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Middlebury College sued by former Vt. governor for canceling donor

‘Learning about Gov. Mead’s life and legacy would be more productive than erasing it,’ governor says

Middlebury College is attempting to erase some of the school’s history by removing the name of the benefactor of the campus chapel, according to a lawsuit brought by his estate.

The chapel, originally called Mead Memorial Chapel, is now named Middlebury Memorial Chapel. The donor, Gov. John Mead, donated “to memorialize the Mead Family ancestors,” according to the lawsuit. It is not directly named for Mead (pictured, right) himself.

Former Vermont Governor James Douglas, the administrator of Mead’s estate, has filed a 79-page lawsuit against Middlebury College for the name removal.

The lawsuit alleges a breach of contract and seeks damages. Douglas also claims the college is violating a longstanding agreement with Mead’s estate and is a case of “cancel culture,” according to the lawsuit. The former Republican governor also teaches at Middlebury.

The cancellation came after the university labeled Mead a eugenicist for prior comments he made about vasectomies. Mead, in his Farewell Address of 1912, expressed support for studying “the use of a new operation called a vasectomy,” according to the lawsuit. “However, the claim that Mead’s 1912 comments caused sterilizations to happen two or three decades later is factually baseless and legally unjust.”

“Some permanent explanation of the objections to the Governor’s 1912 proposals would be fine, along with some programming to explore the legacies of others whose names would adorn buildings on campus,” Douglas (pictured at left) told The College Fix via email.

Douglas suggested the university should instead “contextualize” history, with reference to a book by former Yale Law School Dean Anthony Kronman called “The Assault on American Excellence.”

“Among his suggestions is considering the dominant legacy of an individual; after all, nearly everyone’s record is mixed,” Douglas said. “It’s unfair to judge someone based solely on the least favorable moment of his or her life.”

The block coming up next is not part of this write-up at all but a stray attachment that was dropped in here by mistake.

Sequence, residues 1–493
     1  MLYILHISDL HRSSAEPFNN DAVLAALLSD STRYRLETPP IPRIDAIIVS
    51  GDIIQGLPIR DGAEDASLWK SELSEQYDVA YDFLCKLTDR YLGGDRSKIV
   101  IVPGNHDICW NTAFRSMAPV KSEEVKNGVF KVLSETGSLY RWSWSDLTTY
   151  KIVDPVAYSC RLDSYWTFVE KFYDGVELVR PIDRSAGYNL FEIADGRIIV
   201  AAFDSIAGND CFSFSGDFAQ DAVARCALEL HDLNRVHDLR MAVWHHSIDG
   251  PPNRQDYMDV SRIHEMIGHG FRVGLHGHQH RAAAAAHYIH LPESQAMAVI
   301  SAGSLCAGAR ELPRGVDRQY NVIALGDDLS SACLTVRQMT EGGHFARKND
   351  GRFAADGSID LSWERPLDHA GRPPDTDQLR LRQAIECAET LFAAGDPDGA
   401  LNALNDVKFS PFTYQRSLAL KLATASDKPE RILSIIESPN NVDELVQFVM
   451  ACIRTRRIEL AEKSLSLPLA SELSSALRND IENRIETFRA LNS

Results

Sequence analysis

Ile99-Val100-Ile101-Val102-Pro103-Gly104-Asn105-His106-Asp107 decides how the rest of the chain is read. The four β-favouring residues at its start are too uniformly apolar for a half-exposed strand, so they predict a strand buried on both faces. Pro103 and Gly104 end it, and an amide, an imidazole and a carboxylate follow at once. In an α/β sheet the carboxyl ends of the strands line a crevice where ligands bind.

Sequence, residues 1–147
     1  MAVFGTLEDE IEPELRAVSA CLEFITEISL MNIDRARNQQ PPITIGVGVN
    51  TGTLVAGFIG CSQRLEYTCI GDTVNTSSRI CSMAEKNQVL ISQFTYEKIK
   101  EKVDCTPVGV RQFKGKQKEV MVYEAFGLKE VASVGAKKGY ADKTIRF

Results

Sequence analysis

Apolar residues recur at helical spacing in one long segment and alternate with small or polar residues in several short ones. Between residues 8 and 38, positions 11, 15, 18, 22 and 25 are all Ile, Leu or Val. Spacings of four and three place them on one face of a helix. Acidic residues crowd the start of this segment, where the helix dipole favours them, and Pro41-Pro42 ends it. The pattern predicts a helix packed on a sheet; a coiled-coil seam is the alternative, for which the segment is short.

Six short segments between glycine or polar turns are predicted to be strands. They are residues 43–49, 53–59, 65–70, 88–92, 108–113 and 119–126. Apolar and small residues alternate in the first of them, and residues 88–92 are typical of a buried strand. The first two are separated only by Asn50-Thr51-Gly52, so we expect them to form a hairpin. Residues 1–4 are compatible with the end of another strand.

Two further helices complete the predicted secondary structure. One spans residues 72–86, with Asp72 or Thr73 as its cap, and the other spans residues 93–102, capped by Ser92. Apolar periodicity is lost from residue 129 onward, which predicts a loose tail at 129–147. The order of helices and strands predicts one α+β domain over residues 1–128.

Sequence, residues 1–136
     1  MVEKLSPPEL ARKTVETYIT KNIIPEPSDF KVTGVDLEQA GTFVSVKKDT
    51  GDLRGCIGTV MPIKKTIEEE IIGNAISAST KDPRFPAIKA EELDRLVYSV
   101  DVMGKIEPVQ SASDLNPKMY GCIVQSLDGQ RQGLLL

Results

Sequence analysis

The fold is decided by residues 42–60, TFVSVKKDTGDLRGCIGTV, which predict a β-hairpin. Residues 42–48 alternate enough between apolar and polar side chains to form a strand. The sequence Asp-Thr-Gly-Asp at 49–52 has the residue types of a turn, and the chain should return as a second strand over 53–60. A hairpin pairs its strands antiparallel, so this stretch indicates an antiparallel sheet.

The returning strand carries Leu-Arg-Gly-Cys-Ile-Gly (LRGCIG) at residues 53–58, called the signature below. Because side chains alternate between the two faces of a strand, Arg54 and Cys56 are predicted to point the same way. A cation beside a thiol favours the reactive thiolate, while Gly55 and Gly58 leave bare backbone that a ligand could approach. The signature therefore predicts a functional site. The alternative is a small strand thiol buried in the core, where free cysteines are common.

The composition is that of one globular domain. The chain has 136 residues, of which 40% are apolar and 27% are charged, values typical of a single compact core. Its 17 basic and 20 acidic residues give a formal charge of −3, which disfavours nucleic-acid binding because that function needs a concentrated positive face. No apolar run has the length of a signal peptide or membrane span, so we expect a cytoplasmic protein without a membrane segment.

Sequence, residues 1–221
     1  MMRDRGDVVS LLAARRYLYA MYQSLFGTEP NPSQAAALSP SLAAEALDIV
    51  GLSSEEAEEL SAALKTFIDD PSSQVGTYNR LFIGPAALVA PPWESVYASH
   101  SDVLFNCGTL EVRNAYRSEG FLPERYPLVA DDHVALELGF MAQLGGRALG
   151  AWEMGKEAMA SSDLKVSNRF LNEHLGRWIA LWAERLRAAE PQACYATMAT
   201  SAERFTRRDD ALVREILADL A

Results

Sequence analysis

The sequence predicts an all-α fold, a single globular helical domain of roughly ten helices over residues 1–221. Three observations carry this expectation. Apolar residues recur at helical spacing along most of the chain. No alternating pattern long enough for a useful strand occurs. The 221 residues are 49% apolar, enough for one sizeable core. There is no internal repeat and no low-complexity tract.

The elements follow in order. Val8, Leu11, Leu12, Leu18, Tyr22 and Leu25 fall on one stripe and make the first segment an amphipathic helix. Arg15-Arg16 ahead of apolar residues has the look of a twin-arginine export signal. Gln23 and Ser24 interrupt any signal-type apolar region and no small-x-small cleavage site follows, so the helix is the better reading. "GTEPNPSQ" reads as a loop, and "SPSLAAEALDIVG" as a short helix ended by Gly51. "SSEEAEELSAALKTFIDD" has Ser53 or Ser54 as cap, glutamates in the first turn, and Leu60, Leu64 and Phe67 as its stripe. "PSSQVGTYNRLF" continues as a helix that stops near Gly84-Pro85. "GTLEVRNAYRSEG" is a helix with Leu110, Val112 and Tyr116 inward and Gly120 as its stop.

“Gov. Mead was a great leader who ably served his community, state & nation. He was generous & a visionary. His dominant legacy is very positive,” he said.

MORE: Campus cancel culture experiences wave of vicious attacks

The lawsuit made similar points.

“Middlebury College has proclaimed that Governor Mead was a eugenicist and has implied, without evidence, that racism motivated his proposals,” the lawsuit stated. “These charges are without merit and they belie everything we know about Mead’s life, the medical, military, and public services he performed, as well as his generous philanthropy to his college, church, and the broader community.”

Douglas told The Fix that the cancellation is a form of “presentism.”

This is when “we apply today’s standards to the interpretation of someone or some event at another point in history. It’s not fair,” Douglas said.

Middlebury officials did not respond in the past several weeks to requests for comment from The Fix.

A website has been created that further details the lawsuit and Mead’s life.

“I’m very concerned that a win by the college would embolden other institutions to continue their erasure of names & removal of statues; regardless of the outcome, it’s important to stand up to this sort of thing,” Douglas said.

“The College’s responsibility is to broaden their [students’] horizons by exposing them to a wider array of ideas, especially those they may find uncomfortable or even offensive,” Douglas told The Fix. “Learning about Gov. Mead’s life and legacy would be more productive than erasing it.”

MORE: Check out the Campus Cancel Culture Database

IMAGE: Coolidge Foundation; Library of Congress

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About the Author
Dakota Powell -- Wheaton College